In June 2015, Elite Daily published an article by John Haltiwanger called, "Optimistic People All Have One Thing In Common: They’re Always Late," which basically says late people are the best.
I am not writing about that article.
I want to talk about Tim Urban of Wait But Why's response to that article. Yes, I want to talk about an article that talks about an article. If this article were being written by rapper Xzibit, he would say, "Yo dawg, I hear you like articles about late people, so I put an article about late people in your article about late people." If this article was a movie it would be 2010's Inception. I digress, and now I'm late in actually starting to talk about Tim's response.
Tim says his Wait But Why cofounder Andrew sent him the link to John's article. And he says the headline was intriguing because there is nothing better than the headline, "The reason people are [bad quality that describes you] is actually because they’re [good quality]." He got reading. He writes, "By the end of the article, I had never felt prouder to be a chronically late person."
And therein lies the problem. "What the hell is going on?" Tim writes. "Late people are the worst. It’s the quality I like least in myself. And I’m not late because I like to smell the roses, or because I can see the big picture, or because the future is full of infinite possibilities. I’m late because I’m insane."
So, Tim spent some time thinking about lateness and finally came up with an explanation for his dueling feelings on lateness. It comes down to there being two kinds of lateness:
1. Okay lateness. "This is when the late person being late does not negatively impact anyone else—like being late to a group hangout or a party," Tim explains. "Things can start on time and proceed as normal with or without the late person being there yet."
2. Not-okay lateness. "This is when the late person being late does negatively impact others—like being late to a two-person dinner or meeting or anything else that simply can’t start until the late party arrives," writes Tim.
He then breaks that second group into two subgroups.
Group 1: "Those who don’t feel bad or wrong about it. These people are assholes," writes Tim. (I agree!)
Group 2: "Those who feel terrible and self-loathing about it," Tim says. "These people have problems."
I get Group 1: they're insane narcissists without empathy. But here's the interesting thing. Tim says, "Punctual people think all not-okay late people are in Group 1." And that is terrifying.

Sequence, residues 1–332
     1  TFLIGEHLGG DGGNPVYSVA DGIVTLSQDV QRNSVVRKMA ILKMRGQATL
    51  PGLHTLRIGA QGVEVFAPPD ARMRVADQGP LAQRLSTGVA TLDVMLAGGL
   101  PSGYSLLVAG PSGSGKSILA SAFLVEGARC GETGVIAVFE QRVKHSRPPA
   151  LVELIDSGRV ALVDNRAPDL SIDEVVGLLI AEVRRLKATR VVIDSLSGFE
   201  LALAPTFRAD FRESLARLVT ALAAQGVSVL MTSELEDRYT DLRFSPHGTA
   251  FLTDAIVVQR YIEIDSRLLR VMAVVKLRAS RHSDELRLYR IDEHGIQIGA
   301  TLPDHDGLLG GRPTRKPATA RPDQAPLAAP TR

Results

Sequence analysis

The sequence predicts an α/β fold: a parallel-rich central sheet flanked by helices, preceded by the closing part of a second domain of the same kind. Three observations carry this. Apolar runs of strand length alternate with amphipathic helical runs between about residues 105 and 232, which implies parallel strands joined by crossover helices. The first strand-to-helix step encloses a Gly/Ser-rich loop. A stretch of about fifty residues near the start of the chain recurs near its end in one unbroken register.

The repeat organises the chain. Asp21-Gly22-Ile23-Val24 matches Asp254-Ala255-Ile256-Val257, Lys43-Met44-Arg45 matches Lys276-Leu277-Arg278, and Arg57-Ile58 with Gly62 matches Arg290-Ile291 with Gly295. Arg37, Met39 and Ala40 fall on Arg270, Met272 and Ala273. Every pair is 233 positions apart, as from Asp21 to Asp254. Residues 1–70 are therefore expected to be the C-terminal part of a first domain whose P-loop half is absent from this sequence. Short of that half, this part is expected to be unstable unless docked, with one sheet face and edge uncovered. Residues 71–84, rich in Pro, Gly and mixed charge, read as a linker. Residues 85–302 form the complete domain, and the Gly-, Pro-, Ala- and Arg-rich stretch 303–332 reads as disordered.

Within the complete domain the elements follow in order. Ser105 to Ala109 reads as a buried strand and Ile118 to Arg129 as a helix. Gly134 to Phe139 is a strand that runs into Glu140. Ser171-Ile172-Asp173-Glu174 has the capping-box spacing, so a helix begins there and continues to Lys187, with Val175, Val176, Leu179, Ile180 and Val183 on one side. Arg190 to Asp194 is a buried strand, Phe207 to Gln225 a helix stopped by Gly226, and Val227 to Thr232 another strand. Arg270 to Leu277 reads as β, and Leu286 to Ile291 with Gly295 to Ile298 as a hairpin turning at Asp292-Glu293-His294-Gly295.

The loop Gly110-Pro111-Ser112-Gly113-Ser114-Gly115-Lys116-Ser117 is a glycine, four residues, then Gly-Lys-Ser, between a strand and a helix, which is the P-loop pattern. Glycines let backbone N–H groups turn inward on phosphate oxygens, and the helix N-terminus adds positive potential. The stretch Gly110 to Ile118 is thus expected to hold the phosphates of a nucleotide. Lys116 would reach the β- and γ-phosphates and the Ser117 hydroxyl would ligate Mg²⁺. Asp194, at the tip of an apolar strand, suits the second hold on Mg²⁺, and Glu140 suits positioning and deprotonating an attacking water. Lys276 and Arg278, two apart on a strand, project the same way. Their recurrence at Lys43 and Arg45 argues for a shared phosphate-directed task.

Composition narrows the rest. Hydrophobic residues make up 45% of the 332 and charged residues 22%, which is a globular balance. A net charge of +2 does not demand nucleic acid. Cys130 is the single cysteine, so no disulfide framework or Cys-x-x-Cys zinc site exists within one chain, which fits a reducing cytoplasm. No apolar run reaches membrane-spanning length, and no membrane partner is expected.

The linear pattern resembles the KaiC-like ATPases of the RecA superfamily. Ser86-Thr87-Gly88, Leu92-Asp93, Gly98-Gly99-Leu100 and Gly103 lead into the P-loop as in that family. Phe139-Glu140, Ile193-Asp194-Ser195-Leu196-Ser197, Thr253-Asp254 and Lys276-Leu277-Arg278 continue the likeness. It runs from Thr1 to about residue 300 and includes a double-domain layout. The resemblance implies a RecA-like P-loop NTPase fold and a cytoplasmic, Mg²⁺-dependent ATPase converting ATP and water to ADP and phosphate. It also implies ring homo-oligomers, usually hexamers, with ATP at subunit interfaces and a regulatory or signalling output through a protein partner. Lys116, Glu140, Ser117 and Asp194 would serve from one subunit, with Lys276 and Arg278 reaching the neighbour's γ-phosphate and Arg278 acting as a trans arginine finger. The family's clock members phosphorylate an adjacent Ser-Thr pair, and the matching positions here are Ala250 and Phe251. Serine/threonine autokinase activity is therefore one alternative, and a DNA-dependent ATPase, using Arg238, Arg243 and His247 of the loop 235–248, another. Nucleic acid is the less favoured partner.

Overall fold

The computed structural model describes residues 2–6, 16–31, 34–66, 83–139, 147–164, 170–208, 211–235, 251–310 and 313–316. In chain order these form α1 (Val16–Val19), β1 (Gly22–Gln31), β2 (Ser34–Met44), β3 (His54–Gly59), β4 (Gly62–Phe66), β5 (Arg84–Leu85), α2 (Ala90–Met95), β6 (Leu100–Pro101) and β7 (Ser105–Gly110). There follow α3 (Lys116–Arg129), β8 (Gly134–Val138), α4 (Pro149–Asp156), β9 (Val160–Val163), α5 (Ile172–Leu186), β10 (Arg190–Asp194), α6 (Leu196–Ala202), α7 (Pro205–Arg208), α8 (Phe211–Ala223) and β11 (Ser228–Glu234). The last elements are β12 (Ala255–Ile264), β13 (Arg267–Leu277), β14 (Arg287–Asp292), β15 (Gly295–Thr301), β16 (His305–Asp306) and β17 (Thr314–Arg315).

I am, like Tim, a member of Group 2. I am what he calls a CLIP (Chronically Late Insane Person). I am regularly late, but I absolutely hate the idea of making people wait. I am an insane paradox.
"While both groups of not-okay late people end up regularly frustrating others, a reliable way to identify a Group 2 CLIP is a bizarre compulsion to defeat themselves—some deep inner drive to inexplicably miss the beginning of movies, endure psychotic stress running to catch the train, crush their own reputation at work, etc. etc.," Tim explains, with unnerving insight into my life. "As much as they may hurt others, they usually hurt themselves even more."
Tim then includes an incredibly relatable cartoon depicting a person, the Rational Decision-Maker, knowing exactly what time they need to get going. When that time arrives, the Instant Gratification Monkey comes in and says, "Continuing to do what we're currently doing is a more enjoyable activity than packing up and leaving." The monkey says, "Not this minute, the next minute" over and over again until the person is left late and scrambling.
Totally me. Seriously if you drew some red hair on there, it would be uncanny.
"CLIPs are strange people," Tim writes. "I’m sure each CLIP is insane in their own special way, and to understand how they work, you’ll usually have to get to some dark inner psychology." He says that for him, his CLIP-iness is a mixture of three traits: denial about how time works, a weird aversion to changing circumstances, and just generally being mad at himself.
In the end Tim says, "Don’t excuse the CLIPs in your life—it’s not okay and they need to fix it—but remember, it’s not about you. They have problems."
I really do need to fix it.